As mentioned above, the 8-PSK modulation scheme of EDGE is an example of a variable envelope communications scheme. In practice, the power spectrum emitted from an EDGE transmitter will not be ideal due to various imperfections in the RF transmitter circuitry. Thus, quality measures of the transmitter performance have been established as part of the EDGE standard and minimum requirements have been set. One quality measure that relates to the RF signal power spectrum is the so-called spectral mask. This mask represents the maximum allowable levels of the power spectrum as a function of frequency offset from the RF carrier in order for a given transmitter to qualify for EDGE certification. In other words, the spectral mask requirements limit the amount of transmitter signal leakage into other users' signal spectrum. For example, at a frequency offset of 400 kHz (0.4 MHz), the maximum allowable emission level is −54 dB relative to the carrier (dBc). Another RF transmitter quality measure of the EDGE standard is the modulation accuracy, which relates the RF transmitter modulation performance to an ideal reference signal. Modulation accuracy is related to the so-called Error Vector Magnitude (EVM), which is the magnitude of the difference between the actual transmitter output and the ideal reference signal. The error vector is, in general, a complex quantity and hence can be viewed as a vector in the complex plane. Modulation accuracy is stated in root-mean-square (RMS), 95th percentile, and peak values of the EVM and is specified as a percentage. For a given transmitter to qualify for EDGE certification, the RMS EVM must be less than 9%, the 95th percentile of EVM values must be less than 15%, and the peak EVM value must be less than 30%.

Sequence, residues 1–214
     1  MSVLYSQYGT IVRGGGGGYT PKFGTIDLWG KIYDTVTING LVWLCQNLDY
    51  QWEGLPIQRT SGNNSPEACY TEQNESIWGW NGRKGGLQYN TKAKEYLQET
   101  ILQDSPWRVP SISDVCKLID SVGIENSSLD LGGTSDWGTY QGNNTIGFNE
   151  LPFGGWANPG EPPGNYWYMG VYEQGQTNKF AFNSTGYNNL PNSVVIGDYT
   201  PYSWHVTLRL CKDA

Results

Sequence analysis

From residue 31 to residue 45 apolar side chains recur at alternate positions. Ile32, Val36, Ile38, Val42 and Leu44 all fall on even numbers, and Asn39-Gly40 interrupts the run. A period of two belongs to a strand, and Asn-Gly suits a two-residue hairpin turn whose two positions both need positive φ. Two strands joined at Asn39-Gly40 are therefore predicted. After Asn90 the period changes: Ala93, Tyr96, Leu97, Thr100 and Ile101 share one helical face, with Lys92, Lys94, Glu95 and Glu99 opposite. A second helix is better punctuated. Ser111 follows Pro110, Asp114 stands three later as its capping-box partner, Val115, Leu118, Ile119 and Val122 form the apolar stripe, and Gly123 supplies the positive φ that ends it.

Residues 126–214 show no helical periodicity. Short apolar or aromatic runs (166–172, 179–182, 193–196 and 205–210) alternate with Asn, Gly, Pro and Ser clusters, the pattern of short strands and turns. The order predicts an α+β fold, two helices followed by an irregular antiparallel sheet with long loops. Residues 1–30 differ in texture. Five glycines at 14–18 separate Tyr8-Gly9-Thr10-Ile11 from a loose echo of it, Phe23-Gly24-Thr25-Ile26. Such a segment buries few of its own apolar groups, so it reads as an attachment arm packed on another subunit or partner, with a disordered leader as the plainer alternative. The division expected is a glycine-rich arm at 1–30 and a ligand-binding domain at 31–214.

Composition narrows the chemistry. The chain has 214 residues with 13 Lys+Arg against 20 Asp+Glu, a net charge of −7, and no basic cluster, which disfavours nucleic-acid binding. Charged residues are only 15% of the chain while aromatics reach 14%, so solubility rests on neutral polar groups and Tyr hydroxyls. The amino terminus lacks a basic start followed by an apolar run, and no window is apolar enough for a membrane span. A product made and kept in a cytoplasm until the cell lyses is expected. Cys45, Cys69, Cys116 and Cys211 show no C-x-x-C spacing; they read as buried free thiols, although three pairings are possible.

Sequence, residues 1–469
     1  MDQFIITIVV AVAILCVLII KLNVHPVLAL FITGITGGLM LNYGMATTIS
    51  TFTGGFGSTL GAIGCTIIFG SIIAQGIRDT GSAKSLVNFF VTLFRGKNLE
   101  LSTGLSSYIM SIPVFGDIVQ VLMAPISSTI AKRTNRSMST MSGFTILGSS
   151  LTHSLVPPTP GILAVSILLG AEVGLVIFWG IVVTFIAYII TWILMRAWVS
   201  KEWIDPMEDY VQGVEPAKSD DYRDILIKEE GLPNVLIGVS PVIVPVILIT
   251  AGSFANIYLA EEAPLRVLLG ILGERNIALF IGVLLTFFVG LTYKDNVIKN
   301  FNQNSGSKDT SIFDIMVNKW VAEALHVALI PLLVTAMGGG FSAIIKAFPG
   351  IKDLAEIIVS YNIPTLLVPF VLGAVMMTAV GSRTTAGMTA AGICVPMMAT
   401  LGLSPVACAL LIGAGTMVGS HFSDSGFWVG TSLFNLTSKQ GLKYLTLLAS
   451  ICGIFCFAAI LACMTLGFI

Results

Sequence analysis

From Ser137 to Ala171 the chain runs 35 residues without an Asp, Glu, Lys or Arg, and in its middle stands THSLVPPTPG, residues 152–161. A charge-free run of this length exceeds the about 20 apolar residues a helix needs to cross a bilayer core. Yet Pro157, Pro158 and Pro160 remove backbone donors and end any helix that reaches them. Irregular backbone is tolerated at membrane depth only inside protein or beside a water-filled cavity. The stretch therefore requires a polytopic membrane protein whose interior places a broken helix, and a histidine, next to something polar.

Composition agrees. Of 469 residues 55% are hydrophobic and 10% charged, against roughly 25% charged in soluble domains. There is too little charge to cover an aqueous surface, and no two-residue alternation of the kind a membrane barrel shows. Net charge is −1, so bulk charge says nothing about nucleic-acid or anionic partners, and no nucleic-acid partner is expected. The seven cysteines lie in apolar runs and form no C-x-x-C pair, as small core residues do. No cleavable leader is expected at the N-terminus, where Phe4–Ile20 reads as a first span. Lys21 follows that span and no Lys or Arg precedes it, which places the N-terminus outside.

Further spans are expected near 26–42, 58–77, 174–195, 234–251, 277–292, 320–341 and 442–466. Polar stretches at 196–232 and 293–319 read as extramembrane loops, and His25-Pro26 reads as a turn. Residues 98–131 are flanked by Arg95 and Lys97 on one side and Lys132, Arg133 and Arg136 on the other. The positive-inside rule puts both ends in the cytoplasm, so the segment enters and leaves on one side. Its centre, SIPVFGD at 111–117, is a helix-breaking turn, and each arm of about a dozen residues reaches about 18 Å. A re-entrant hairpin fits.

The increase in system flexibility resulting from the introduction of multi-slot operation in EDGE presents the challenge of finding an efficient implementation of a joint GMSK/8-PSK modulator which enables easy and fast switching between GMSK and 8-PSK modulation in consecutive time slots. Such modulation switching must be achieved within the so-called guard interval, merely 30 microseconds (μs) long. Further complication is encountered in the domain of the RF frequency PA. Exploiting the fact that GMSK is a constant envelope modulation scheme, the PA can typically be driven in saturation mode for higher efficiency when transmitting GSM signals. However, due to the variable envelope properties of the 8-PSK modulation option in EDGE, driving the PA in saturated mode is not possible. Rather, a certain power back-off of the PA input signal level is required to maintain adequate modulation accuracy. Typical transmitter powers may be 33 dBm in GMSK mode and 27 dBm in PSK mode. Thus, when switching modulation schemes in multi-slot operation from GMSK to 8-PSK, or vice versa, a change of PA input signal level must occur. Such change must be achieved within the guard interval and in such a fashion that switching transients do not violate the spectral mask requirements.